There is somewhat of a gray area when it comes to the legalities of medical marijuana. The Americans with Disabilities Act (ADA) does not afford protection to medical marijuana users because it is a federal law. However, in 2017 the Massachusetts Supreme Court ruled that a person who legally used medical marijuana according to the state laws was protected from disability discrimination. In this case, a plaintiff informed their prospective employer that they used medical marijuana and would fail a pre-employment drug test. The plaintiff had requested a reasonable accommodation, but the company did not want to waive their policy. The court concluded that the employer had violated the state’s disability discrimination laws.

What is the Law Regarding Medical Marijuana Use in Pennsylvania?

New Jersey and Delaware courts have made decisions that follow the Massachusetts ruling, which established a precedent. In these states, employers that do not engage in interactive processes with potential and current employees who share information about their medical marijuana use could be exposed to disability discrimination claims.

In a recent Pennsylvania court case, a worker’s medical marijuana identification card expired and they tested positive on a drug test for employment. The worker did obtain a doctor’s note and renewed the identification card, but they were still terminated by their employer.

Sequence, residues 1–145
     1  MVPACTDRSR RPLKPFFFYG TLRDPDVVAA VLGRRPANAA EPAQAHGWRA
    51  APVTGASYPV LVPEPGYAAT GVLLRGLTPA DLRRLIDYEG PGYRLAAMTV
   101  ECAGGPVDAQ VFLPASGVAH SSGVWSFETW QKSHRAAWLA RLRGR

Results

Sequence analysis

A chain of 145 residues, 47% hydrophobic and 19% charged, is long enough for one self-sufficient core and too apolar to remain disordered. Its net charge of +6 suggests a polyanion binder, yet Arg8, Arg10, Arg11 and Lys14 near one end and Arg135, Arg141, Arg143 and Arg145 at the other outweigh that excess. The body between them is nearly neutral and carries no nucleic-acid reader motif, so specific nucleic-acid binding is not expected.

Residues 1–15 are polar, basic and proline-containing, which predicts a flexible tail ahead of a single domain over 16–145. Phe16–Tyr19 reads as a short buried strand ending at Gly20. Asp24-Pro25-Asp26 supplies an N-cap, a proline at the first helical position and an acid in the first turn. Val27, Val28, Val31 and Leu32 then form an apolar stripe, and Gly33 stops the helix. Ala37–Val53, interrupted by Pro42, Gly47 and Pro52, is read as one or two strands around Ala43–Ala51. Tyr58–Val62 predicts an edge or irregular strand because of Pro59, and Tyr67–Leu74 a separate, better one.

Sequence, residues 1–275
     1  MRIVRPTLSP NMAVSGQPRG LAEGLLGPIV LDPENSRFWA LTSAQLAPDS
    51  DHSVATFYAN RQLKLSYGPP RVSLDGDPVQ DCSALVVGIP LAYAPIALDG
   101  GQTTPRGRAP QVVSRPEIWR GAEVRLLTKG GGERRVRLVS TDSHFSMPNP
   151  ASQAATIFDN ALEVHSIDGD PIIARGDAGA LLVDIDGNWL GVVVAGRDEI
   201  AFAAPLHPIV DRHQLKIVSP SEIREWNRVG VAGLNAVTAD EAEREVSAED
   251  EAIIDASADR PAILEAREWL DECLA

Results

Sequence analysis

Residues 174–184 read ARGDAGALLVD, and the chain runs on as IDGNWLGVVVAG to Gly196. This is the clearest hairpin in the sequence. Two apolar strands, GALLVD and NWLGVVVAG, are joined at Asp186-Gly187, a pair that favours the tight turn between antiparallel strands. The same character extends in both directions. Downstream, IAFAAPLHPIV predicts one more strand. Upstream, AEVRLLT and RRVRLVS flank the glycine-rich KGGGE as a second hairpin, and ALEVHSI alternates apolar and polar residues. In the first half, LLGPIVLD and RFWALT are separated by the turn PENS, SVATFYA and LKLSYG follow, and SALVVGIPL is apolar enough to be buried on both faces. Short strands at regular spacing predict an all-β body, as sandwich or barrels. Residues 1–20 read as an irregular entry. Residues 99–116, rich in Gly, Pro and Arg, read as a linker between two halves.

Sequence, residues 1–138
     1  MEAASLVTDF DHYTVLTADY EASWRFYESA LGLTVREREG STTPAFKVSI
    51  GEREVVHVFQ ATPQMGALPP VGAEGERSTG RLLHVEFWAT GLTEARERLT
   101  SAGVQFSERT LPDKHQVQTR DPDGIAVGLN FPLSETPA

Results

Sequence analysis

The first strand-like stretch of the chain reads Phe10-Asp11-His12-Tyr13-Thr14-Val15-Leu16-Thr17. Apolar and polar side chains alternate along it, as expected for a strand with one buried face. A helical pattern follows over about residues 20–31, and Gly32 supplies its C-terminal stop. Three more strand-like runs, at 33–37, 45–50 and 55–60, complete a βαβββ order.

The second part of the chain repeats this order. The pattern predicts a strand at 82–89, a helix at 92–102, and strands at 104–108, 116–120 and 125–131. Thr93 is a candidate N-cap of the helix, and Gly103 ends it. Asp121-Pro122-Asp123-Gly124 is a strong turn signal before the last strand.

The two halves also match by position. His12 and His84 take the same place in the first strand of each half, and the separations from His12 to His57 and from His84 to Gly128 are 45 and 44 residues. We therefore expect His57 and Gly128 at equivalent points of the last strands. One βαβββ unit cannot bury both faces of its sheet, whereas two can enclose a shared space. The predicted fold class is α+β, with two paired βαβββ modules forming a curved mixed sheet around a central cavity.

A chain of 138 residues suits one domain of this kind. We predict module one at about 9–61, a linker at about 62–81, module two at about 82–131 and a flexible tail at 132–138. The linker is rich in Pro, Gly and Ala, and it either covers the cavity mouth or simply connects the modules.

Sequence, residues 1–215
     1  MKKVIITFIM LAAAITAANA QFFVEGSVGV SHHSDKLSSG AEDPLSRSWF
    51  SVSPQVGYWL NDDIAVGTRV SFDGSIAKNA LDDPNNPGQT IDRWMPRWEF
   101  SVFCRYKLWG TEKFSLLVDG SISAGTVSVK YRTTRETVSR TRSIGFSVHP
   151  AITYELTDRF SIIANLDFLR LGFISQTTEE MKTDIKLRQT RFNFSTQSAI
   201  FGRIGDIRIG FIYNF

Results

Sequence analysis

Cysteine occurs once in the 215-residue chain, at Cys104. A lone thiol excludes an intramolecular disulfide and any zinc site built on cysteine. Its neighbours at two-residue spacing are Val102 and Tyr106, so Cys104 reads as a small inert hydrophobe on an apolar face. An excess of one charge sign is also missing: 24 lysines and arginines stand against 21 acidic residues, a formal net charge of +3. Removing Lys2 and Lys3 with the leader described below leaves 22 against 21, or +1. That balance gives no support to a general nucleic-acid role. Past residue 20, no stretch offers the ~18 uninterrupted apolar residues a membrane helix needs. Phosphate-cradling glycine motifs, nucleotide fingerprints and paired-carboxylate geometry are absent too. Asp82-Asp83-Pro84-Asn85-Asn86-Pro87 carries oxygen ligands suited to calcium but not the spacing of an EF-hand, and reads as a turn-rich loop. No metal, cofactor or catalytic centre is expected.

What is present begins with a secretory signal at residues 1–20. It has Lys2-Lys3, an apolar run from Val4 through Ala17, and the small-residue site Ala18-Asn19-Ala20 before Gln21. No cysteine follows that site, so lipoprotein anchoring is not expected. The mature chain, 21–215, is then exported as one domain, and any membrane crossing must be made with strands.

Last fall, the company moved to dismiss the plaintiff’s claims that they had violated the Pennsylvania Medical Marijuana Act, but the court denied this motion. A lot of back-and-forth ensued afterwards, and the plaintiff’s legal team referred to the Philadelphia Fair Practice Ordinance and the Pennsylvania Human Relations Act (PHRA). The plaintiff claimed that the company failed to accommodate their disability and fired her as retaliation for requesting the accommodations.

The court found that the employee only had to show that they had requested an accommodation in good faith, even though it fell outside of the definition of a disability under the PHRA. The final decision on this case is still pending, but it shows how medical marijuana use and reasonable accommodation requests are valid issues.

Is Drug Testing Legal In Pennsylvania?

Pennsylvania employees do not have to tell their employers that they are medical marijuana users, but employers are not prohibited from asking. In most cases, they will not ask, but if they do, it is not advisable to be dishonest. Prospective employees who are applying for jobs with companies that are known to do drug testing might want to be up front and let them know. If the employee only uses the medical marijuana at home and does not think that the employer will conduct drug testing, it can remain a private matter.